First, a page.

Saturday, October 11, 2008

Constructivist Learning in the Age of Accountability

Constructivism makes sense.  In the article from EdWeb, the analogy of learning to ride a bike vs. reading a book about riding bikes is the perfect illustration of this...  Learning is active, not passive; learners of all ages need to be engaged for their brains to connect and engage with the concepts.  If we know this about ourselves, surely we recognize that it is counter-intuitive to suggest it would not be true of the students we serve.
Quiet classrooms where diligent students are completing projects that check for understanding following a structured lesson have long been thought to be evidence that an effective instructional model is in place.  The emphasis on classroom control is key in this scenario; student behaviors are linear, predictable, and monitored by a sequence of activities that repeat itself throughout the day (K-12) and term (post-secondary).  In a standards-driven world, this structure may feel necessary because it tempers student behaviors, allows for systematic dissemination of information, and implies that a system of accountability is in place.  Effort is followed by production and the accuracy and value of the product can easily be measured.
Constructive learning is active and engaging by definition.  Within this model, students are building their own knowledge and understanding.  Students that are asking questions, testing hypotheses, and challenging boundaries are learning by doing.  As they dig progressively deeper to gain understanding and uncover solutions, their energy is everywhere.  This classroom is not quiet... Nor should it be!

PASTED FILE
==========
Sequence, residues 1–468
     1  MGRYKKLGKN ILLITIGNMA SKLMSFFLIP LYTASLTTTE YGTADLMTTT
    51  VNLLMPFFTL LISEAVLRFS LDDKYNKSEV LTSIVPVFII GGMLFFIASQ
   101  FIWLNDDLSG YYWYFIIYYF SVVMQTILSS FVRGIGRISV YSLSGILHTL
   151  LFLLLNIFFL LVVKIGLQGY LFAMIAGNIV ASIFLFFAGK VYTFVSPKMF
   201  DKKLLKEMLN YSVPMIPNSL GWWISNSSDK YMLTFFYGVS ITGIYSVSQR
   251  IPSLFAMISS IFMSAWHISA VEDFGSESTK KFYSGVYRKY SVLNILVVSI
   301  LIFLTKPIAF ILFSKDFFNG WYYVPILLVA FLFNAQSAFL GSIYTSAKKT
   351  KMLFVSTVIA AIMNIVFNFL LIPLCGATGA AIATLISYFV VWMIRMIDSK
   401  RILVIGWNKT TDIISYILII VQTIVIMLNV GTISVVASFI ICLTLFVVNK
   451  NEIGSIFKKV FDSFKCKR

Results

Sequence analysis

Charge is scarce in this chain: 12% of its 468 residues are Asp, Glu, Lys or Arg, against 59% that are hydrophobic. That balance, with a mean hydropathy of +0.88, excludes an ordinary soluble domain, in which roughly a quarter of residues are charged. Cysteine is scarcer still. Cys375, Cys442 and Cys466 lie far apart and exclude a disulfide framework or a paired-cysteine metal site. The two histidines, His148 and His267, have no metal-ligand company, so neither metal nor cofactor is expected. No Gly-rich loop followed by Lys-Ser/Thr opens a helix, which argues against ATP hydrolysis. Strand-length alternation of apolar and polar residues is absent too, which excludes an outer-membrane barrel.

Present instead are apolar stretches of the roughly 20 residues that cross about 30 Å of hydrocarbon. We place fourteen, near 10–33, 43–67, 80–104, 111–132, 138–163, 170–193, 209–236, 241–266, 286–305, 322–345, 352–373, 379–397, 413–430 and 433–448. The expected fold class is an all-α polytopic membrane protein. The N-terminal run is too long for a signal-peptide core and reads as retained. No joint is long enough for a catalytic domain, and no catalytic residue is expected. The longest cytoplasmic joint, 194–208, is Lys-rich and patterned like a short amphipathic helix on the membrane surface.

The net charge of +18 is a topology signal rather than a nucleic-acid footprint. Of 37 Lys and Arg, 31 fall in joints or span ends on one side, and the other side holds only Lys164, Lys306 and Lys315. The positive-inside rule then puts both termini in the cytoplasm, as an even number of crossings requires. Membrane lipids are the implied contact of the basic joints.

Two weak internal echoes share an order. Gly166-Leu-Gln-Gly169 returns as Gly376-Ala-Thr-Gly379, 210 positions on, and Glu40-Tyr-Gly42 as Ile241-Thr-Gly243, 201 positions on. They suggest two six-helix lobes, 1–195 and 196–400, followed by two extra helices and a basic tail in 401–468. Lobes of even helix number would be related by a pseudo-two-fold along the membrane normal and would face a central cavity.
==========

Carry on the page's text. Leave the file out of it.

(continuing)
Can constructivism and an accountability-driven machine coexist?  Indeed, there is a delicate balance.  But it lies with us to be counter weights in the midst of the broader community that looks to test scores as the sole measure of success.  Those among us that feel handcuffed by the expectations of an accountability system that quiets classrooms and the learning that should take place in them need to strive for ways to rise above these perceived restrictions.  
It can be done.  In this class while there are not "standards" in the traditional way that we think of them, there are specific benchmarks that we are being given opportunities to achieve.  Building this blog is among them.  For me, the supportive, encouraging attitude coupled with just enough information to inspire me to begin encouraged me to take the risk.  By digging in and attempting it - taking the plunge in safe territory - I learned more than if I had simply read about it.  
There are challenges and risks of providing constructive opportunities for learning.  But anything having is worth working for.  Educators may feel that they have lost control when the noise level rises and learning takes its own shape as it is built.  They may even feel threatened by students that have learned more than they themselves know.  The energized, electric, active atmosphere is worth taking a step out on a ledge for.  It is felt acutely when students say, "I get it" in their recognition of real life applications and confidence in their competence.

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